You’ve established the various stages of your sales process. You know how the typical prospect goes from an email address in your CRM to a paying customer. You’ve trained your salespeople on the key actions required to move prospects from stage to stage. Now you need to know if your sales process is working.
There are literally hundreds of ways to measure sales performance, which can make it tough to choose the right sales metrics. Fortunately, there are two crucial ways to assess how effective your sales process is.
Your lead to opportunity conversion rate
Your opportunity to close conversion rate
1. Lifecycle Stages
Before diving into conversion rates, we need to understand the process that a contact takes to convert.
Lifecycle stages help you organise your contacts based on the stage of your sales process they’re in.
The definition of a “lead” depends on how you acquire customers. If you’re connecting with prospects on LinkedIn and then following up over email, a lead might be any LinkedIn user you’ve identified as a potential good fit. If you’re meeting buyers at trade shows, a lead could be anyone who left their email address at your booth. An “opportunity” is a contact in your CRM confirmed their interest in your product or service. That could mean they’ve confirmed their interest over email, booked a demo, requested to speak with a salesperson, etc.
2. Lead to Opportunity Conversion Rate
This metric tells you several things. Firstly, are your salespeople getting enough leads to hit their target? Maybe they’re converting a high number of leads into opportunities, but they’re still missing target. That could suggest your marketing activities need to generate more leads. Secondly, are your salespeople effectively following up with those leads? If your sales people have the opposite problem … they’re converting a low percentage of leads into opportunities, then their follow up could be the problem. Review their approach. Are they personalising their outreach? Using multiple channels (email, calls, voicemail, social media, etc.)? Are they reaching out enough times before giving up?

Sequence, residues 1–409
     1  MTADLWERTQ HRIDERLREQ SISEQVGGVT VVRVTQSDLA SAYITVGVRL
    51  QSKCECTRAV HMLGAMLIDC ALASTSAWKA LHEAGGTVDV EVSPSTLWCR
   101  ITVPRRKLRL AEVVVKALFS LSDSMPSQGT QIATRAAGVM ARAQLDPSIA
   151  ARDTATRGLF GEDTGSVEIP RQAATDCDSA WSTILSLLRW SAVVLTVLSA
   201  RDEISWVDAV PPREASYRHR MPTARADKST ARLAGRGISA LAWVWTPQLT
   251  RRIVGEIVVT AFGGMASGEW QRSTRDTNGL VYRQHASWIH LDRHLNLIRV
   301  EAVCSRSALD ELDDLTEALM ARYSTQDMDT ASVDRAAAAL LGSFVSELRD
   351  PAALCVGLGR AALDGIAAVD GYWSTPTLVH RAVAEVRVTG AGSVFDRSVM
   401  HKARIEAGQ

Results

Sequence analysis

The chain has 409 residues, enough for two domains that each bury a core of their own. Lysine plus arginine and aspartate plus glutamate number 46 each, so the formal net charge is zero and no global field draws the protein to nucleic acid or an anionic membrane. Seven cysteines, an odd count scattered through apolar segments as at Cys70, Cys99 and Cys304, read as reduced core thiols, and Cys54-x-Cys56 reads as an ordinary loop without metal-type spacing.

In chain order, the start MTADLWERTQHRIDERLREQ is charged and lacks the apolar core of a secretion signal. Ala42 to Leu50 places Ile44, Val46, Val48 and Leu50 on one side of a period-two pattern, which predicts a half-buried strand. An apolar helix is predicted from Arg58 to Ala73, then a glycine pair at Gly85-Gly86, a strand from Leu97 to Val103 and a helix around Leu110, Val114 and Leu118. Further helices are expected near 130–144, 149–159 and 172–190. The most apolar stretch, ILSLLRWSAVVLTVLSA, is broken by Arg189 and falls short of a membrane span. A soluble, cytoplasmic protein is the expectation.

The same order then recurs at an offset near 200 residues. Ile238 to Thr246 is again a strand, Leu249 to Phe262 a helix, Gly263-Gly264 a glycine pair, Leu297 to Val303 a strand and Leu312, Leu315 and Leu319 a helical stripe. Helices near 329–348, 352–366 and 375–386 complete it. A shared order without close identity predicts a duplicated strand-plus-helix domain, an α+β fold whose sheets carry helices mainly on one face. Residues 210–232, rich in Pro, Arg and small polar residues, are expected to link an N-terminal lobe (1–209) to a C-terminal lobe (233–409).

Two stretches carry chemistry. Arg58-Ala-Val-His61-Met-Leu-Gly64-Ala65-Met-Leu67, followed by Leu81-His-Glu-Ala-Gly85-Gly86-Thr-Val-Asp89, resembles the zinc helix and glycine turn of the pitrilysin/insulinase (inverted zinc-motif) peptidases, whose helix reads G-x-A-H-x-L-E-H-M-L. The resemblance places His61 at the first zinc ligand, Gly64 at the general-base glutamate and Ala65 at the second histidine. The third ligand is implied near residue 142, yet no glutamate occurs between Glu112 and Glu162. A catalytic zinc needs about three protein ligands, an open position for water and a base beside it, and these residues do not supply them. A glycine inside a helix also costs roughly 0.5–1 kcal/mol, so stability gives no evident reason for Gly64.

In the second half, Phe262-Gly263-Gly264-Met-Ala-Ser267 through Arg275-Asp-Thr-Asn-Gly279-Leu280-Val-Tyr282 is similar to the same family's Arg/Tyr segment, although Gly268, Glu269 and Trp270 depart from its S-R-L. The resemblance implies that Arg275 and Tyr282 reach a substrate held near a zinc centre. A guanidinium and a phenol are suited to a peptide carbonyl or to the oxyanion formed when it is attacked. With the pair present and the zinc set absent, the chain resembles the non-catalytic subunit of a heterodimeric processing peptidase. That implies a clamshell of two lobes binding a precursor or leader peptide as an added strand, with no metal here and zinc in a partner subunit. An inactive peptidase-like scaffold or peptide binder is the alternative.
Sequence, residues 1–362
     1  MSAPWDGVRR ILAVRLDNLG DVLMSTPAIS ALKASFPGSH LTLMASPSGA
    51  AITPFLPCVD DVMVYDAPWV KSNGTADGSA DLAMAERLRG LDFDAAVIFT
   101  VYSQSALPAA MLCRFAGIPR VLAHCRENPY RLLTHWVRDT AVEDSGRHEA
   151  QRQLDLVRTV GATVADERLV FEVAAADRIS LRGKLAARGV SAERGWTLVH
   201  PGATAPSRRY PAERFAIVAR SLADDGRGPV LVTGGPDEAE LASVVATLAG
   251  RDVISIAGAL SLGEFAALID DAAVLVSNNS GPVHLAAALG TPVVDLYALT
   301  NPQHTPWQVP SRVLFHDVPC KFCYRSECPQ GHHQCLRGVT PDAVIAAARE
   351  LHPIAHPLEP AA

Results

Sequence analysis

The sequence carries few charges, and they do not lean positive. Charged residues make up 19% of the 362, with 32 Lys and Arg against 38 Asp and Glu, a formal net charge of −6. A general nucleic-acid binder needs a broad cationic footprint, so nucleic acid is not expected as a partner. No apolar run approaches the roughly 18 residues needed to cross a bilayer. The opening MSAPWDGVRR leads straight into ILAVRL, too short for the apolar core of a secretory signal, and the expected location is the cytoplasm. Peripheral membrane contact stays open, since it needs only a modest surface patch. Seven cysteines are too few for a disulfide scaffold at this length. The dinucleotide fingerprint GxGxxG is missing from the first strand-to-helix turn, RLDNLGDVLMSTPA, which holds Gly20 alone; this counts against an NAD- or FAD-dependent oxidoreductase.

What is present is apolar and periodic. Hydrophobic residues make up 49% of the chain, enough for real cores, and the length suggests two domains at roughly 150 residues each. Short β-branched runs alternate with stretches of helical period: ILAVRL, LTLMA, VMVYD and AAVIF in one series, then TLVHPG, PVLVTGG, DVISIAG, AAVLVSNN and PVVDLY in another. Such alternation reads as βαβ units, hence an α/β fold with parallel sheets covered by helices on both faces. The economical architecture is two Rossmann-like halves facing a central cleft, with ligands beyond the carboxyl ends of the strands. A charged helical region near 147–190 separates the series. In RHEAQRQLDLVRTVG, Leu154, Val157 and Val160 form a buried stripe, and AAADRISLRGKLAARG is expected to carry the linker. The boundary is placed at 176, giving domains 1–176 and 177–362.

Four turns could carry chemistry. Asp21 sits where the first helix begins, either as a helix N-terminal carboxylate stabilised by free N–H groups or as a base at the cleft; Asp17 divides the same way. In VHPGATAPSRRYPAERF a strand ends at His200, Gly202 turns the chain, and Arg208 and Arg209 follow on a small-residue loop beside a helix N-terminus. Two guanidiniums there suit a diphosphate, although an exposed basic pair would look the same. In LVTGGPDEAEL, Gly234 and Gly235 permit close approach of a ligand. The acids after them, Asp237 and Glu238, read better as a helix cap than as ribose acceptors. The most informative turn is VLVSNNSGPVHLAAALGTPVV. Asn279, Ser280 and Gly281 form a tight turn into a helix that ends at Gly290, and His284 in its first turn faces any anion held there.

As a subset of this, you can also monitor how many leads your salespeople are trying to contact at all. Let’s say marketing usually sends sales 100 leads per month. If your reps only email 10 of those on average, the leads may be extremely low-quality. Ask your sales team why they didn’t work specific leads; their answers will reveal whether it’s a matter of fit (“This company is way too small to need our product”) or inefficiency and laziness (“I called them in February and they weren’t interested.”)
3. Opportunity to Close Rate
How many of your legitimate sales opportunities become paying customers? This percentage varies by industry. According to HubSpot’s analysis of 8,900 companies across 28 industries, the average close rate for hospitality is 11%, whilst the average close rate for arts and entertainment is 28%. That’s why it’s important to compare your opportunity to close rate to other businesses in your space, if you can. However, there are a few universal takeaways you can draw.
If your opportunity to close rate is really high (think 60% or higher), your salespeople are probably being too selective with the accounts they choose to work. They’re cherry-picking the prospects who are determined to buy: or at least, require very little convincing, and those that are nearly perfect fits.
The problem with this? You’re leaving money on the table. It’s likely you could be selling far more if your sales team was less discriminating. You may also need to hire more sales people. Demand for your product is clearly there, so expand your team to meet it.
If your opportunity to close rate is extremely low, your salespeople might require more training. Try to figure out where prospects are dropping out of your funnel. Do most of them say they’re not interested after the connect call? Teach your reps to offer immediate value so buyers view them as a resource and see the benefits of continuing the relationship. Do the majority of prospects go dark after the demo? Coach your team on giving tailored, benefits-driven presentations, uncovering urgency, and setting firm next steps. Measuring your opportunity to close rate over time gives you a good sense of your salespeople’s collective performance. It should either be flat or increasing.
Finally, compare an individual sales person’s opportunity to close rate to the team average. If theirs is far lower, they need training or a performance plan (and if you don’t see any improvement, you should part ways). If theirs is right in line with the average, they’re a solid performer; make sure you’re consistently working with them to help them get better and make sure they don’t leave for greener pastures. If theirs is far higher, use them as a mentor and inspiration for your other salespeople, and don’t forget to keep them happy so your competitor doesn’t poach them.
You can measure almost everything about your sales, but who has the time? Keeping your eye on these two metrics will help you spot problems, find opportunities, and ultimately, optimise your results.
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